Collagenase (Systemic): Anticoagulants may enhance the adverse/toxic effect of Collagenase (Systemic). Specifically, the risk of injection site bruising and/or bleeding may be increased. Monitor therapy

Dabigatran Etexilate: May enhance the anticoagulant effect of Anticoagulants. Refer to separate drug interaction content and to full drug monograph content regarding use of dabigatran etexilate with vitamin K antagonists (eg, warfarin, acenocoumarol) during anticoagulant transition and bridging periods. Avoid combination

Dasatinib: May enhance the anticoagulant effect of Anticoagulants. Monitor therapy

Deferasirox: Anticoagulants may enhance the adverse/toxic effect of Deferasirox. Specifically, the risk for GI ulceration/irritation or GI bleeding may be increased. Monitor therapy

Deoxycholic Acid: Anticoagulants may enhance the adverse/toxic effect of Deoxycholic Acid. Specifically, the risk for bleeding or bruising in the treatment area may be increased. Monitor therapy

Desirudin: Anticoagulants may enhance the anticoagulant effect of Desirudin. Consider therapy modification

Edoxaban: May enhance the anticoagulant effect of Anticoagulants. Refer to separate drug interaction content and to full drug monograph content regarding use of edoxaban with vitamin K antagonists (eg, warfarin, acenocoumarol) during anticoagulant transition and bridging periods. Management: Some limited combined use may be indicated during periods of transition from one anticoagulant to another. See the full edoxaban drug monograph for specific recommendations on switching anticoagulant treatment. Avoid combination

Estrogen Derivatives: May diminish the anticoagulant effect of Anticoagulants. More specifically, the potential prothrombotic effects of some estrogens and progestin-estrogen combinations may counteract anticoagulant effects. Management: Carefully weigh the prospective benefits of estrogens against the potential increased risk of procoagulant effects and thromboembolism. Use is considered contraindicated under some circumstances. Refer to related guidelines for specific recommendations. Exceptions: Tibolone. Consider therapy modification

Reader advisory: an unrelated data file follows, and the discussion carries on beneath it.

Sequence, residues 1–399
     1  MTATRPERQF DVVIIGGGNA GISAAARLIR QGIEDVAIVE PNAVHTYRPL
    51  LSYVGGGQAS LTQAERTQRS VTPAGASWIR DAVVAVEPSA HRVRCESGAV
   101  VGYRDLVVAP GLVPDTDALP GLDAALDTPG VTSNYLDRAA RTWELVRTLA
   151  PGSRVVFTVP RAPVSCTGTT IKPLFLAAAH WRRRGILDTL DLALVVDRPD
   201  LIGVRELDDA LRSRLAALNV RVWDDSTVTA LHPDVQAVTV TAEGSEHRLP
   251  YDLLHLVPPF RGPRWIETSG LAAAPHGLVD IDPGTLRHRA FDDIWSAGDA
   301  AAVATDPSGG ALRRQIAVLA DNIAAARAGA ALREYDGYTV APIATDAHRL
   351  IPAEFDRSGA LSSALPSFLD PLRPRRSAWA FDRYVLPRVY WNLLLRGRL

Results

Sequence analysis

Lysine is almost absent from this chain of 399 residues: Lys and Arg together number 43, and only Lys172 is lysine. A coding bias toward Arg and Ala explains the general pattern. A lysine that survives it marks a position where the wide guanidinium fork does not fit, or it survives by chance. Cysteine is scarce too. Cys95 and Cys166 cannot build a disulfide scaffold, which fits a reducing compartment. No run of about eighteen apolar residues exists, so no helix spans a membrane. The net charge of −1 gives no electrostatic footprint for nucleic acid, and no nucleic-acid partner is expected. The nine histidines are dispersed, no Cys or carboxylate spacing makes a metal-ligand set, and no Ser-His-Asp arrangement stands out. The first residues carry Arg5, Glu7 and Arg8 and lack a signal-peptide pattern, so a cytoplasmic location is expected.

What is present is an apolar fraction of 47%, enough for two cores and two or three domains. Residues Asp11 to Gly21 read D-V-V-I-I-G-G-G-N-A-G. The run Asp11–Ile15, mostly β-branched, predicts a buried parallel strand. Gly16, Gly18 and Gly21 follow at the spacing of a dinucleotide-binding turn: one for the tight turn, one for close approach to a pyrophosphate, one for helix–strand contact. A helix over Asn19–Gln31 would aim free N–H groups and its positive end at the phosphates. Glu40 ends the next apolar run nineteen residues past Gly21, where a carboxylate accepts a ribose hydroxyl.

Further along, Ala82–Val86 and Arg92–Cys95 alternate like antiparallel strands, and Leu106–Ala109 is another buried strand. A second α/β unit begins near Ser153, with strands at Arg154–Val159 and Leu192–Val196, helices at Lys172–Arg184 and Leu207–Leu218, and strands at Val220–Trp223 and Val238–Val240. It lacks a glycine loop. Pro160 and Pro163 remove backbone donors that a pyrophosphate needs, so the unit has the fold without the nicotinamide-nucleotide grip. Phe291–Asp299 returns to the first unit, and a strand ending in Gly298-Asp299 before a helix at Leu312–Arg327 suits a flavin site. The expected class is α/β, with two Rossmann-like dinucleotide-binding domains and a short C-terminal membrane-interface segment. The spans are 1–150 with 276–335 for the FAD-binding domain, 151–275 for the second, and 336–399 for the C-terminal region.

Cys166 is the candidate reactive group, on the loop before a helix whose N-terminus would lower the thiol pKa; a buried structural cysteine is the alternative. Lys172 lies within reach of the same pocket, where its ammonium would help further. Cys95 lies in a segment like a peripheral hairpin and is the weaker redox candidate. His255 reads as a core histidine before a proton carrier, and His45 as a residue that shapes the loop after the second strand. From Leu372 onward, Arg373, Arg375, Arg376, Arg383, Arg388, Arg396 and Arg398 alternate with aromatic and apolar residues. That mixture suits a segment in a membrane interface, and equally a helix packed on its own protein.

Factor X (Human): Anticoagulants (Inhibitors of Factor Xa) may diminish the therapeutic effect of Factor X (Human). Monitor therapy

Hemin: May enhance the anticoagulant effect of Anticoagulants. Avoid combination

Herbs (Anticoagulant/Antiplatelet Properties) (eg, Alfalfa, Anise, Bilberry): May enhance the adverse/toxic effect of Anticoagulants. Bleeding may occur. Consider therapy modification

Ibritumomab: Anticoagulants may enhance the adverse/toxic effect of Ibritumomab. Both agents may contribute to an increased risk of bleeding. Monitor therapy

Ibrutinib: May enhance the adverse/toxic effect of Anticoagulants. Monitor therapy

Limaprost: May enhance the adverse/toxic effect of Anticoagulants. The risk for bleeding may be increased. Monitor therapy

Nintedanib: Anticoagulants may enhance the adverse/toxic effect of Nintedanib. Specifically, the risk for bleeding may be increased. Monitor therapy

Nonsteroidal Anti-Inflammatory Agents: May enhance the anticoagulant effect of Anticoagulants. Monitor therapy

Obinutuzumab: Anticoagulants may enhance the adverse/toxic effect of Obinutuzumab. Specifically, the risk of serious bleeding-related events may be increased. Monitor therapy

Omacetaxine: Anticoagulants may enhance the adverse/toxic effect of Omacetaxine. Specifically, the risk for bleeding-related events may be increased. Management: Avoid concurrent use of anticoagulants with omacetaxine in patients with a platelet count of less than 50,000/uL. Avoid combination

Omega-3 Fatty Acids: May enhance the anticoagulant effect of Anticoagulants. Monitor therapy

Pentosan Polysulfate Sodium: May enhance the anticoagulant effect of Anticoagulants. Monitor therapy

Progestins: May diminish the therapeutic effect of Anticoagulants. More specifically, the potential prothrombotic effects of some progestins and progestin-estrogen combinations may counteract anticoagulant effects. Management: Carefully weigh the prospective benefits of progestins against the potential increased risk of procoagulant effects and thromboembolism. Use is considered contraindicated under some circumstances. Refer to related guidelines for specific recommendations. Consider therapy modification